Geography, however, can question postmodern assumptions as much as underpin them. Maps, for example, make connections, whereas postmodernism prefers on the whole to highlight differences; they can be global in scope, in contrast to postmodernism's dogmatic anti-universalism; and though they can be construed in all kinds of ways, which fits a postmodern epistemology, they are evidently representations of a world beyond themselves, which chimes rather more with epistemological realism. Franco Moretti's Atlas of the European Novel is crammed with fascinating literary maps, which chart such things as the movements of four different Dickens heroes, the diffusion of translations of Don Quixote throughout 19th-century Europe, the geographical spots where Dickens's novels end, and those in which Jane Austen's narratives tend to become especially complicated. There is even a map displaying the countries of origin of 19th-century fictional villains. The English reader will be gratified to learn that "France is clearly the epicentre of the world's evils", and that all the wrong male sexual choices of the English Bildungsroman involve women with French connections.
Moretti is one of the most adventurous of contemporary critics, keen to engage in ambitious speculation in a climate cautious of structural generalities. The bold conjectures of two of his previous works, The Way of the World and Modern Epic , have transformed our view of the European novel, and this latest offering seems set to do the same. Hardly any English critic can match his comparativist's range of reference, and few can equal the amicable luicidity of his prose. Moretti is a specialist in the two or even one-word sentence and can sustain grammatically impeccable paragraphs with scarcely a main verb in sight.
Literary geography, he reminds us, can refer to the study of space in literature, or to the study of literature in space. This book engages in both kinds of inquiry, alert to the "place-bound nature of literary forms", but equally insistent on how "geography shapes the narrative structure of the European novel". In modern Europe, that new-fangled, impalpable space called the nation needed its appropriate symbolic representation, and the totalising, comprehensive novel form was at hand to provide it. Moretti is adept at showing how novelistic narrative charts spatial unities and divisions, throwing in some intriguing research findings in the process: historical novels are usually located somewhere near natural barriers such as forests, mountains and coastlines, while rhetoric and metaphor tend to thrive close to borders, in uncharted terrains which only figurative prose can handle. Progress in the Spanish picaresque novel depends on the amblings of the mule, a suitably unheroic mode for such a prosaic, everyday genre.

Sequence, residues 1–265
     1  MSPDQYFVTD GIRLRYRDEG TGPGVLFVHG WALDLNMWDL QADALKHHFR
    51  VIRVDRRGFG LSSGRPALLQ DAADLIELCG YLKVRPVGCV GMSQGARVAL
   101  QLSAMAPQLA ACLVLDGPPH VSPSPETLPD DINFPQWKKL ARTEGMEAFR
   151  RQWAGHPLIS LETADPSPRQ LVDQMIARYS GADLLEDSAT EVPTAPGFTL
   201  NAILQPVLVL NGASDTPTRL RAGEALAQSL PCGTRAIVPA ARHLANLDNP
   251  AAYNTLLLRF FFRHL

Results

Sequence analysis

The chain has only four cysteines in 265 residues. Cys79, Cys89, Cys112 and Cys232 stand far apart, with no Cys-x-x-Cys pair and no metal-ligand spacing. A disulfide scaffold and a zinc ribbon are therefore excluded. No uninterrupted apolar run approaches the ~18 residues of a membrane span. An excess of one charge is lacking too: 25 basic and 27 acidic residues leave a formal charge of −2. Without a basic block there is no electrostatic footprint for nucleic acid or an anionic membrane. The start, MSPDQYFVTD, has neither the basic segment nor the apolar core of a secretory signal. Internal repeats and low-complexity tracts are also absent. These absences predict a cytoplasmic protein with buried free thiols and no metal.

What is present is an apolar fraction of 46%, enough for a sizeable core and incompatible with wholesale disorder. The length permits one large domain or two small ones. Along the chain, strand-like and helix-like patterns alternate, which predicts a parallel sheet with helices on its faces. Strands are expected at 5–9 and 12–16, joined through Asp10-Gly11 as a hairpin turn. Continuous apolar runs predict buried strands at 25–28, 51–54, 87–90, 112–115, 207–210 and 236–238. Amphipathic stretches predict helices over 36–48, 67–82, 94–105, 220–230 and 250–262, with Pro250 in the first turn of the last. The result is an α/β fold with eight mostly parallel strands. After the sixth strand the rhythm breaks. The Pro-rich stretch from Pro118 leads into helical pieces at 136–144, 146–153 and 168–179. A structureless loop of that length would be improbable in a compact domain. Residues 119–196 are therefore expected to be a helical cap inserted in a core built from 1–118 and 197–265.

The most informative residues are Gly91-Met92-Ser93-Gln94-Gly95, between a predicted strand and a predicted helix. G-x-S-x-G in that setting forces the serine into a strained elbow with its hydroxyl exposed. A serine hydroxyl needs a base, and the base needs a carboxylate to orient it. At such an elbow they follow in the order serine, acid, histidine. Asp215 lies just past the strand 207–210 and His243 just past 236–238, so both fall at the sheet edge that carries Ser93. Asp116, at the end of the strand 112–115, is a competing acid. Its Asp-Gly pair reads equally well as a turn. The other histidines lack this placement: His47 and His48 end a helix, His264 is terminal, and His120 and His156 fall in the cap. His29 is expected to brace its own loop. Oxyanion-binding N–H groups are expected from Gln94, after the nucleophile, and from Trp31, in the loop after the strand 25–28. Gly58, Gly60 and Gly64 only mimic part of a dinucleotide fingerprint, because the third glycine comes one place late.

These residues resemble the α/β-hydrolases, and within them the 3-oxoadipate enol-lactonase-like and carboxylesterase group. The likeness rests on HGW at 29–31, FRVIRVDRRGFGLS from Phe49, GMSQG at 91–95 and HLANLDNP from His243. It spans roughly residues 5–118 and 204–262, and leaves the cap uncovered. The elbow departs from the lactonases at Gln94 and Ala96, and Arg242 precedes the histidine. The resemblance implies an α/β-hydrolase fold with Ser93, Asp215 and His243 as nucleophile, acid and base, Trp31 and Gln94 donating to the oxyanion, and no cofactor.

The strangest aspect of such bizarre speculations is just how persuasive they are. There are some finely detailed explorations of Balzac's Paris and Dickens's London, along with an erudite chapter on "Narrative markets", which plots literary production in 19th-century Europe on an import/export model. England and France were major exporters of novelistic genres, while other nations either imported them or - in what modern economists would call "import substitution" - fashioned their own local imitations.
The book, however, is more than a sociology of literature. Its achievement is not just to set novels in physical and social space, but to demonstrate how these spatial coordinates shape their plot and even, occasionally, their style. Moretti's "scientific" bent as a critic, fascinated as he is by patterns, regularities, remote affinities, will send most English critics scrambling defensively for their unique particularities. But here, as in his earlier studies, these uncompromisingly "continental" methods serve to illuminate fictional details in estrangingly original ways - and this, after all, is just what the "words-on-the-page" merchants have been clamouring for.
Terry Eagleton is professor of English literature, University of Oxford.
Atlas of the European Novel 1800-1900
Author - Franco Moretti
ISBN - 1 85984 883 4
Publisher - Verso
Price - £16.00
Pages - 206